Grace to you and peace from God our Heavenly Father and Christ Jesus our Lord, who fulfills the Law and the Prophets. Amen.
Two weeks ago, we read that the Holy Spirit descended upon Jesus at his baptism in the Jordan. St. Luke doesn’t tell us much else about this; unlike Sts. Matthew and John’s longer descriptions, Luke gives us a scant three sentences before the Evangelist is off describing Jesus’ human lineage. Lest we think this was merely a momentary apparition, though, Luke picks up the story again by saying that Christ leaves the Jordan and enters the wilderness (we’ll read this in about six weeks when we get to Lent). This isn’t just a quick trip out to the desert but rather a time of wrestling with temptation and Satan. And Christ does not go alone – he is, as St. Luke puts it, “full of the Spirit.” Now, today, we pick up the story: Jesus, back from the wilderness, begins his public ministry “in the power of the Spirit.”
Christ’s entire ministry is infused by the presence of the Holy Spirit. And so it is that, in the synagogue, he takes the scroll and reads from the prophet Isaiah – “The Spirit of the Lord is upon me.”
Continue reading “Scripture is Being Fulfilled”
A Homily for the Second Sunday after Epiphany
Texts: I Corinthians 12:1-11; St. John 2:1-11
Grace to you and peace from God our Heavenly Father and Christ Jesus our Lord, and the Holy Spirit, who has called and equipped us for ministry. Amen.
Does anyone remember those WWJD? bracelets that were so popular in the 90s and 2000s? They came in a ton of different colors and, for most of my childhood, they were everywhere. Yes, we all wore them in youth group – and it became a point of pride to show how dirty yours was after years of church rafting trips and Christian rock concerts.
And who remembers what the letters WWJD stood for? “What would Jesus do?”
These bracelets – and later, t-shirts, bumper stickers, necklaces, signs, and hats were supposed to be both an outward witness, a way of starting conversations about the faith, and also a reminder to the wearer to follow Christ.
So…you’re at a wedding, and they run out of drinks. What’s your move? Well, “What would Jesus do?”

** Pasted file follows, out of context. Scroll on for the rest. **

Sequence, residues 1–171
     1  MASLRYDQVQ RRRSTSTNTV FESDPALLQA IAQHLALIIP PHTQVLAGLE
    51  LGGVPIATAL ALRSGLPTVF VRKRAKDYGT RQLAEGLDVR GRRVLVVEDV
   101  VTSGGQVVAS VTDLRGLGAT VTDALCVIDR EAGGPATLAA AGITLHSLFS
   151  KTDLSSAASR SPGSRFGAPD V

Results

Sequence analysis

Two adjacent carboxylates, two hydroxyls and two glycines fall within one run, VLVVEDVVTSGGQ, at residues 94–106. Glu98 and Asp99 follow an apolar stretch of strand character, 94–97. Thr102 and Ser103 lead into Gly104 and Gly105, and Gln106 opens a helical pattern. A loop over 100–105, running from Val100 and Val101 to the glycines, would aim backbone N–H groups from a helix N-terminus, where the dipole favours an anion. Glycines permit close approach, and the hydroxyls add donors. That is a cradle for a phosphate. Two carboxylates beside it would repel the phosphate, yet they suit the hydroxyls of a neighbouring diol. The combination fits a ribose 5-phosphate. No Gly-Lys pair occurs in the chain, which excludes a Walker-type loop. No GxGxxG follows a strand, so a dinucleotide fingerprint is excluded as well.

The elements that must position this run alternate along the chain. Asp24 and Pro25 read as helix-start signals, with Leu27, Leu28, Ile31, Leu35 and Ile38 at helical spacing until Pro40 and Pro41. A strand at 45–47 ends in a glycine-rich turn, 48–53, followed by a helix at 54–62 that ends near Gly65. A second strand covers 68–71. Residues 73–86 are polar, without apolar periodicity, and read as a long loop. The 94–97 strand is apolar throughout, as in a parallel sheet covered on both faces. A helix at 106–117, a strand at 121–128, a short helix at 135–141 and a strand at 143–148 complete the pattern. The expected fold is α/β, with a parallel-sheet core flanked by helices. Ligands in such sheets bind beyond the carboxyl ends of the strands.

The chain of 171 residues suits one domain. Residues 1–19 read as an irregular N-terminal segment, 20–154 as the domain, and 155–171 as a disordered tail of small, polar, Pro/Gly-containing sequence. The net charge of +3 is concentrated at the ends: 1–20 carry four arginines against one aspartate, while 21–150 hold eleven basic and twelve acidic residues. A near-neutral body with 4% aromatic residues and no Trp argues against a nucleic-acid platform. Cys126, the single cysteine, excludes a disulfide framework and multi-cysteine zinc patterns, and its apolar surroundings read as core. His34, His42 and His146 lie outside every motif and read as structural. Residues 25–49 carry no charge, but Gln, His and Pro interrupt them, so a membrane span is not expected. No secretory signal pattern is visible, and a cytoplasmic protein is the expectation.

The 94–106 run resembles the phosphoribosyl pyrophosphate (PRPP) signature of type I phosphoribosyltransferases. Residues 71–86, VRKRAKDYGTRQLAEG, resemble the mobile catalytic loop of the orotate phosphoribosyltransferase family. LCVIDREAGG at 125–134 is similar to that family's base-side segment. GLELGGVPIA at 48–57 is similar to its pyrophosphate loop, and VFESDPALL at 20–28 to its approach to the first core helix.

Turn water into wine! Someone want to give it a go?
Continue reading “What Would Jesus Do? What Can We Do?”
A Homily for the Feast of the Baptism of Our Lord
Texts: Isaiah 43:1-7; St. Luke 3:15-17, 21-22
Grace to you and peace from God our Heavenly Father and Christ Jesus our Lord, the Beloved, with whom the Father is well-pleased. Amen.
In his baptism, Christ’s divine identity is unambiguously revealed in glory.
What a scene it must have been – picture the heavens opening. What a sight it was to behold. What divine splendor was on display? What radiance poured forth? Hear that voice – loud, authoritative, rolling across the waters, and yet gentle, loving, and intimate. Do you see that dove? So ordinary and plain, like the ones for sell at the market back in town, but there’s something inherently different about it.
This is the first recorded act of Jesus’ adult life, before he begins calling disciples, teaching, or working wonders, before his confrontation with the powers and principalities. Here, at the very outset of his earthly ministry, this one thing is made clear: Jesus the Christ is the Son of God.
He’s not a creature like us, nor adopted by God as the Caesars claim to be. No, Christ is the eternally begotten Son, who existed before all things.
Continue reading “The Son, the Beloved”
A Homily for the Second Sunday of Christmas
Texts: Jeremiah 31:7-14; Ephesians 1:3-14: St. John 1:1-18
Grace to you and peace from God our Heavenly Father and Christ Jesus our Lord, the Incarnate Word. Amen.
From before time and space, Christ is. The Only-Begotten Son of God is the One Through Whom All Things Are Made. Christ is the Word spoken by God to create the entire cosmos. And now, in the fullness of time, this same Word has descended from the right hand of the Father to become one of us.
The entirety of the Incarnation defies our attempt to understand it – that the Jesus is fully God and fully human? That the Son and the Father are both fully and entirely God – not two gods or different aspects of one God but two persons of a Blessed Trinity? That God would step down from the heavenly throne to become one of us? That this God, having already condescended to become human, would choose to live not in a palace in the heart of a major empire but as a common laborer among a conquered people?
Continue reading “Begotten from Before the Beginning”
Some Thoughts for the Second Sunday of Christmas
- Old Testament: Jeremiah 31:7-14 -or- Sirach 24:1-12
- Canticle: Psalm 147:12-120 -or- Wisdom of Solomon 10:15-21
- Epistle: Ephesians 1:3-14
- Holy Gospel: St. John 1:(1-9 optional), 10-18
Texts in Summary:
Well first, let’s get on the same page. What are we actually reading?
It’s not terribly common for there to be two Sundays between Christmas and Epiphany, and when it does happen, the various lectionaries tend to go a bit haywire. And so, according to the Revised Common Lectionary, we are reading the Prologue to St. John’s Gospel – but this was the appointed reading for Christmas Day. That is, unless your parish reads the Lukan texts on Christmas Eve and doesn’t gather for worship on the 25th. Or if you opt for the shortened Gospel text, which begins at v 10 and only overlaps with the Christmas reading for four verses before embarking into “new” territory. The 1979 Book of Common Prayer appoints a series of options for the Gospel reading, flipping the pattern of the RCL but maintaining the Old Testament and Epistle readings. Meanwhile, the Roman Catholic Church is marking Epiphany this Sunday. Alas, the Revised Common Lectionary is not so common as its framers hoped.
Continue reading “The Word Made Flesh: Christmas 2C”